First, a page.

Do you have the mindset of a trader?
That’s the advertising catchphrase for an online broker that is marketing aggressively around Raffles Place.
The advertisement makes short-term trading sound like a lucrative and exciting proposition.
But in reality, short-term trading is an extremely risky sport. Many factors are working against traders that they more often end up losing money instead.
With the aggressive marketing campaign in the heart of CBD, I thought it would be important to highlight some of the dangers of short-term trading before more people get burnt.
Day traders who trade frequently end up paying much more in commissions than long-term buy and hold investors.
These commissions add up over time, especially when short-term traders tend to take profit after only a small percentage gain.
While online trading fees are generally falling, fees can still add up over time.
Right from the get-go, traders are already trying to claw back what they lost in fees, making their task of earning money all the more difficult.
The difference in the bid and ask further complicates the issue.
Buy and hold investors, on the other hand, pay less in fees and each investment they make can end up becoming multi-baggers, making brokerage fees negligible in the long run.
The use of margin
Typically, day traders use margin to increase the size of their trade.
Margin allows traders to earn a higher return on their capital outlay but it also increases the size of a loss.
On top of that, margin calls make trades even riskier.
Should the trade position go against the trader and fall below their available funds, the margin call will immediately close their position, realising the loss.
It’s a zero-sum game
Short-term trading is effectively a zero-sum game. For there to be winners in short-term trading, there must also be losers.
In addition, short-term traders are playing the game against professionals, who may have an informational advantage.
This scenario is very different from long-term investing, where a rising stock market creates the opportunity for all investors to make a profit together.
A successful day trader also needs to factor in the time taken to make frequent trades.
Short-term trading requires the constant monitoring of charts, news, and technical indicators. The time and effort to make successful trades may not be dissimilar to that of a full-time job.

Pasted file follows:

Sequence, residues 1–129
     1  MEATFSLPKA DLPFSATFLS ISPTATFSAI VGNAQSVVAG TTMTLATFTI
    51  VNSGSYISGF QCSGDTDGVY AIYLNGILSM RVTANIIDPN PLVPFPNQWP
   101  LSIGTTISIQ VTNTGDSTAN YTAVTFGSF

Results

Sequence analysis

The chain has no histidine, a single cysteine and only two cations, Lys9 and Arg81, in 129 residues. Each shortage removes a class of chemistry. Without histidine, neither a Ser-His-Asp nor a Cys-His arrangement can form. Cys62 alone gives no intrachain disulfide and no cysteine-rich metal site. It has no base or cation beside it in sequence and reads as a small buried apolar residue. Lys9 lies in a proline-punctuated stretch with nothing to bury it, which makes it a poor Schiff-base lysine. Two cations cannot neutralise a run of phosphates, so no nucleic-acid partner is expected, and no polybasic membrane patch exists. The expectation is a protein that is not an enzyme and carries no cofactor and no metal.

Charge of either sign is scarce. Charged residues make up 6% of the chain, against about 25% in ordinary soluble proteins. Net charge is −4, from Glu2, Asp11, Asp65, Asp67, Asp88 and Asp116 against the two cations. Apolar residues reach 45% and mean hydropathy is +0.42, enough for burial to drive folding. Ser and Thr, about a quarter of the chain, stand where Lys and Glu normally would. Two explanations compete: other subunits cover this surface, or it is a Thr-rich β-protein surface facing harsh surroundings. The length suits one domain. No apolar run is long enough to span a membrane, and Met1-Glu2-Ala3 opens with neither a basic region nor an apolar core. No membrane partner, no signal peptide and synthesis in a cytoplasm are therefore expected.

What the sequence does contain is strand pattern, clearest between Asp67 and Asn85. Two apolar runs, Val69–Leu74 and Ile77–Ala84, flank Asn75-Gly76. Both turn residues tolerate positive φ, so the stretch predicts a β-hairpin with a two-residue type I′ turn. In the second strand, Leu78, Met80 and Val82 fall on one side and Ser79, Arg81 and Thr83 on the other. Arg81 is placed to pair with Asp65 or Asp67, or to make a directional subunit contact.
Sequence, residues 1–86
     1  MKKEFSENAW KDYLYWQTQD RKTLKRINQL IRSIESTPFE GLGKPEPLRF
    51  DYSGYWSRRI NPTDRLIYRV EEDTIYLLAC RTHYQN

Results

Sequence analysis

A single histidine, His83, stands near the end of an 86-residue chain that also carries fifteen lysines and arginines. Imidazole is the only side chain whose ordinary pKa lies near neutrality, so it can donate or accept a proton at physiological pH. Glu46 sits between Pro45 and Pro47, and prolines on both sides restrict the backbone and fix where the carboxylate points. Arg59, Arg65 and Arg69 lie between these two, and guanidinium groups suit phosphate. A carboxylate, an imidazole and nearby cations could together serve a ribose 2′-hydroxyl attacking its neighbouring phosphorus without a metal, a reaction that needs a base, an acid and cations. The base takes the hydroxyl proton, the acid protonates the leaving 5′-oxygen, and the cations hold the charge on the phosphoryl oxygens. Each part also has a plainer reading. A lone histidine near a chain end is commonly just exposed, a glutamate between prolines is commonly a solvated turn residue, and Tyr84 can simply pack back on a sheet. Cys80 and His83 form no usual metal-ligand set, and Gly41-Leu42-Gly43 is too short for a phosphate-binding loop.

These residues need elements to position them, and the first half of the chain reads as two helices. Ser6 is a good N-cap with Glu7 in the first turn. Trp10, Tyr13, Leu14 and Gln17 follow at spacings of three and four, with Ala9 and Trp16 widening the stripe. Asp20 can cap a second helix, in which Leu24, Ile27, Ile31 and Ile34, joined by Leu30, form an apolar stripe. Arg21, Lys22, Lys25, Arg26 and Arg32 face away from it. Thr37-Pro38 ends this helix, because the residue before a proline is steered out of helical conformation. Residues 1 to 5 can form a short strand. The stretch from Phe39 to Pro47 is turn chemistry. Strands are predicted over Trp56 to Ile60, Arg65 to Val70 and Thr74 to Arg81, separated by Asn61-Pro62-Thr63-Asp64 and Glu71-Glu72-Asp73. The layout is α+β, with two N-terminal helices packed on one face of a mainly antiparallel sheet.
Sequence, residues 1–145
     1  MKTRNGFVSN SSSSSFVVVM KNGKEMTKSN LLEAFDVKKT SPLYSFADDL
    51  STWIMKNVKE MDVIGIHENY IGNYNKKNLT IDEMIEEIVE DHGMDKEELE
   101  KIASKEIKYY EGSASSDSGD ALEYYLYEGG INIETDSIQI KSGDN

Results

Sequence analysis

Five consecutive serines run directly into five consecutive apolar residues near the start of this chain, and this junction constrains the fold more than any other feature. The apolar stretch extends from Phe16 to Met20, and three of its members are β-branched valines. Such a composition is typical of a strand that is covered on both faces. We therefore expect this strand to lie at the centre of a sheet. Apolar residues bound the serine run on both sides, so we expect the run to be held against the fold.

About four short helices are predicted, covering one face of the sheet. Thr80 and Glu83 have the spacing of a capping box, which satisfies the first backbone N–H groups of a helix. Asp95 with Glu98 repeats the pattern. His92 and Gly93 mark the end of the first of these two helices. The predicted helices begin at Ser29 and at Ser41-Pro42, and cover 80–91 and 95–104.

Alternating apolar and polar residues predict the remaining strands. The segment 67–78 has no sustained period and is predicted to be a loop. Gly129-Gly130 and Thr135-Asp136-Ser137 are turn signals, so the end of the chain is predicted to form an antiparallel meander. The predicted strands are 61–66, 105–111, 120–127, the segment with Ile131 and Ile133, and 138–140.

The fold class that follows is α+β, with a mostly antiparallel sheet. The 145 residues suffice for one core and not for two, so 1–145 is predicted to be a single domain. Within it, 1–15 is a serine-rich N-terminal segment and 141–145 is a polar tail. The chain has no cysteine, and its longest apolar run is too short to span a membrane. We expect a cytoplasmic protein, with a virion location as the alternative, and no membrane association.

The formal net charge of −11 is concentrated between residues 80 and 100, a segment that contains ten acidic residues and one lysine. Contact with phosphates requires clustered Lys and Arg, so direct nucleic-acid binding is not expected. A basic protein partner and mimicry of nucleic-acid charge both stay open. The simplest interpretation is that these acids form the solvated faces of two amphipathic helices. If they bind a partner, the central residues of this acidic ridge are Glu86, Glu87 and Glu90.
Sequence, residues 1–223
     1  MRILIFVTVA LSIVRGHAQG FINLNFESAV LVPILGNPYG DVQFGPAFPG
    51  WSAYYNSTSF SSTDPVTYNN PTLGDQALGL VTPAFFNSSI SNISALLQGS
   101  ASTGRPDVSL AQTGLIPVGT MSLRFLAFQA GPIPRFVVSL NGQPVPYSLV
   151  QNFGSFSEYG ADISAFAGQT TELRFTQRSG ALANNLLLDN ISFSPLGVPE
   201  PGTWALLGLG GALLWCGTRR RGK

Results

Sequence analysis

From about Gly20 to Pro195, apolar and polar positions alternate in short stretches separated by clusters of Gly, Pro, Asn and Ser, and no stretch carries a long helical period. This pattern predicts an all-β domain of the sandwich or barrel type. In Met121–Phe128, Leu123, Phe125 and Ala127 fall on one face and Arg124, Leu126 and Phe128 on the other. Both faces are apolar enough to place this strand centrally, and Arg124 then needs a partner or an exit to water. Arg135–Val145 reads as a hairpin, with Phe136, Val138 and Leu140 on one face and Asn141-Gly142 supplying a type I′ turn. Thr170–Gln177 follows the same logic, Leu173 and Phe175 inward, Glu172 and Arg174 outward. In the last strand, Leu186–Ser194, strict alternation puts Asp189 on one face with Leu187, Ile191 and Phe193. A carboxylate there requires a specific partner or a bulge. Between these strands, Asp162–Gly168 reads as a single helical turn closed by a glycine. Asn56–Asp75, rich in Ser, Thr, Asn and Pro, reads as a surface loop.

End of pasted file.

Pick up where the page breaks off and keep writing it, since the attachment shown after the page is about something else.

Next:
Get Smart: A uphill battle
Don’t get taken in by the aggressive marketing campaign to be a short-term trader.
While it may seem enticing, short-term traders bear the huge risk of loss. There are so many factors working against short-term trading, that only a small percentage of them are able to make consistent profits.
Get more stock updates on our Facebook page. Click here to like and follow us on Facebook.
The Smart Investor is not licensed or otherwise regulated by the Monetary Authority of Singapore, and in particular, is not licensed or regulated to carry on business in providing any financial advisory service.
Accordingly, any information provided on this site is meant purely for informational and investor educational purposes and should not be relied upon as financial advice. No information is presented with the intention to induce any reader to buy, sell, or hold a particular investment product or class of investment products. Rather, the information is presented for the purpose and intentions of educating readers on matters relating to financial literacy and investor education. Accordingly, any statement of opinion on this site is wholly generic and not tailored to take into account the personal needs and unique circumstances of any reader. The Smart Investor does not recommend any particular course of action in relation to any investment product or class of investment products. Readers are encouraged to exercise their own judgment and have regard to their own personal needs and circumstances before making any investment decision, and not rely on any statement of opinion that may be found on this site.
Note: An earlier version of this article was published at The Good Investors, a personal blog run by our friends.